The cassette tape threw Dan and Fiona into a terrible panic.

If the Transformers series of movies (Transformers; Transformers: Revenge of the Fallen; Transformers: Dark of the Moon; Transformers: Age of Extinction; and Transformers: the Last Knight) teach us anything, it is that you think your life is going along just fine but in a moment, with a single mistake or incident, it can be derailed and you never know from what direction the threat will come. Shia LaBeouf, for example, thinks everything is completely OK in his world – then he discovers his car is a shape-shifting alien.

I once knew a couple called Dan and Fiona who, on an evening in the early 1980s, accidentally recorded two hours of their life. Fiona was an English teacher (in fact we’d met at teacher-training college) and she wished to make a recording of a play that was being broadcast on Radio 4 about an anorexic teenager living on a council estate in Belfast. A lot of the dramas at that time were about anorexic teenagers living on council estates in Belfast, or something very similar – sometimes they had cancer.

Fiona planned to get her class to listen to the play and then they would have a discussion about its themes. In that pre-internet age when there was no iPlayer, the only practical way to hear something after the time it had been transmitted was to record the programme onto a cassette tape.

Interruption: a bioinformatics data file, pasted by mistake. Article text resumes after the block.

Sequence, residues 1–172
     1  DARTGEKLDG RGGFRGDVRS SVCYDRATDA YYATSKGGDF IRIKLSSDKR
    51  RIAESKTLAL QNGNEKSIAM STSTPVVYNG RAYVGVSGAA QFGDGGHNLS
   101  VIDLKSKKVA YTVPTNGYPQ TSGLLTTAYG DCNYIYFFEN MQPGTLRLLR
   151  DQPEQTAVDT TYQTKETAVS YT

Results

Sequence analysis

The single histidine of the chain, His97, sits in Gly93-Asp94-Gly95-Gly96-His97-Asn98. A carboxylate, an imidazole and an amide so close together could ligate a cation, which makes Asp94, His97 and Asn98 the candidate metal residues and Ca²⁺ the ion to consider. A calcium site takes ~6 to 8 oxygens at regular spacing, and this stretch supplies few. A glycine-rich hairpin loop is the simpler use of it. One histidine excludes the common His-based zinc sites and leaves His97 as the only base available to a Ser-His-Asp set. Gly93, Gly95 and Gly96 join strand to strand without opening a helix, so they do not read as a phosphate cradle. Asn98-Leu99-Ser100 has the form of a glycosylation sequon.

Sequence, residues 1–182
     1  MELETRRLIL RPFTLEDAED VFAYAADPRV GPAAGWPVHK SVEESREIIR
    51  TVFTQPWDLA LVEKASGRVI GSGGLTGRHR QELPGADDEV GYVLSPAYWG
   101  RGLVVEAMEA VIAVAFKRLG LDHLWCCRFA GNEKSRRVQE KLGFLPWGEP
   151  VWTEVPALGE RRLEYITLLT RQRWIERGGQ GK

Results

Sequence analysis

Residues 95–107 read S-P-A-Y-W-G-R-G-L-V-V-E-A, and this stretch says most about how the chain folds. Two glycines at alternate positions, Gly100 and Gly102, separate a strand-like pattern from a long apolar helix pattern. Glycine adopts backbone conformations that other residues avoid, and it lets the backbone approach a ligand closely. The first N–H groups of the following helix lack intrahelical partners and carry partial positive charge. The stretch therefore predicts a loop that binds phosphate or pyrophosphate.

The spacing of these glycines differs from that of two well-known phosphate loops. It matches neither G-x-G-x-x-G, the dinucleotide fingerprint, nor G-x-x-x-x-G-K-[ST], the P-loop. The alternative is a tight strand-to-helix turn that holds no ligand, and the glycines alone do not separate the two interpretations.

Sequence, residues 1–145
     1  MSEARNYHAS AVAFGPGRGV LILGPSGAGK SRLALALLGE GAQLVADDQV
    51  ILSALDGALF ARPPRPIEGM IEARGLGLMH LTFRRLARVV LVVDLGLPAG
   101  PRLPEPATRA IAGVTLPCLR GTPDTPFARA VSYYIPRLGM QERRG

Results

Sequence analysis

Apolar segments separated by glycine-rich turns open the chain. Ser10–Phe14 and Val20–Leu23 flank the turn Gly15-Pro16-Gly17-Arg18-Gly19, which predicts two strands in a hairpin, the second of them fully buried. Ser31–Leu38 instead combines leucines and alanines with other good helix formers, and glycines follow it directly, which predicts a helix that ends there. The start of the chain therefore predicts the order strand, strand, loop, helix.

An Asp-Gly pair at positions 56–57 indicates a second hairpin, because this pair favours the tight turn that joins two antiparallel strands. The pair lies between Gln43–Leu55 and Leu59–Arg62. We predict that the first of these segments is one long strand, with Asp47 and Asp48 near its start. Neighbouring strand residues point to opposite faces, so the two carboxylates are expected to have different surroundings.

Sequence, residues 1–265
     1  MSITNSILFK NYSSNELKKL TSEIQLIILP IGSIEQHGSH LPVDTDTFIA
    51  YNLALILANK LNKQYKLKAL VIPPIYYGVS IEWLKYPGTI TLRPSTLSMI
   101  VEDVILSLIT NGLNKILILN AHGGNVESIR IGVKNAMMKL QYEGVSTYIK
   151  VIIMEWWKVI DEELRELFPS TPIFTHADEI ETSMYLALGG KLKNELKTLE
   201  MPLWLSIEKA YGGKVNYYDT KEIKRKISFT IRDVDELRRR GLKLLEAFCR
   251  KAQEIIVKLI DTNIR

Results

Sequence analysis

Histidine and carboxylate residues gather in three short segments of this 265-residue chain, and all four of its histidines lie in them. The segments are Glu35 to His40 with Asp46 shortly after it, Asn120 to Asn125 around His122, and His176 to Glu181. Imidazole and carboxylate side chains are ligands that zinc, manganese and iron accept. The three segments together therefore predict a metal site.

So Fiona got out their boom box (a portable Sony stereo player), loaded in a C120 tape, switched on the radio part of the machine, tuned it to Radio 4, pushed the record button when the play began, and fastidiously turned the tape over after 60 minutes.

But instead of pushing the button that would have taped the play, she had actually pushed the button that activated the built-in microphone, and the machine captured, not the radio drama, but the sound of 120 minutes of her and Dan’s home life, which consisted solely of: “Want a cup of tea?” “No thanks.” And a muffled fart while she was out of the room. That was all. That was it.

The two of them had, until that moment, thought their life together was perfectly happy, but the tape proved them conclusively wrong. No couple who spent their evenings in such torpidity could possibly be happy. Theirs was clearly a life of grinding tedium.

The evidence of the cassette tape threw Dan and Fiona into a terrible panic: the idea of spending any more of their evenings in such bored silence was intolerable. They feared they might have to split up. Except they didn’t want to.

But what could they do to make their lives more exciting? Should they begin conducting sordid affairs in sleazy nightclubs? Maybe they could take up arcane hobbies such as musketry, baking terrible cakes and entering them in competitions, or building models of Victorian prisons out of balsa wood? Might they become active in some kind of extremist politics?

All that sounded like a tremendous amount of effort. In the end they got themselves a cat and talked about that instead. 

This article first appeared in the 20 July 2017 issue of the New Statesman, The new world disorder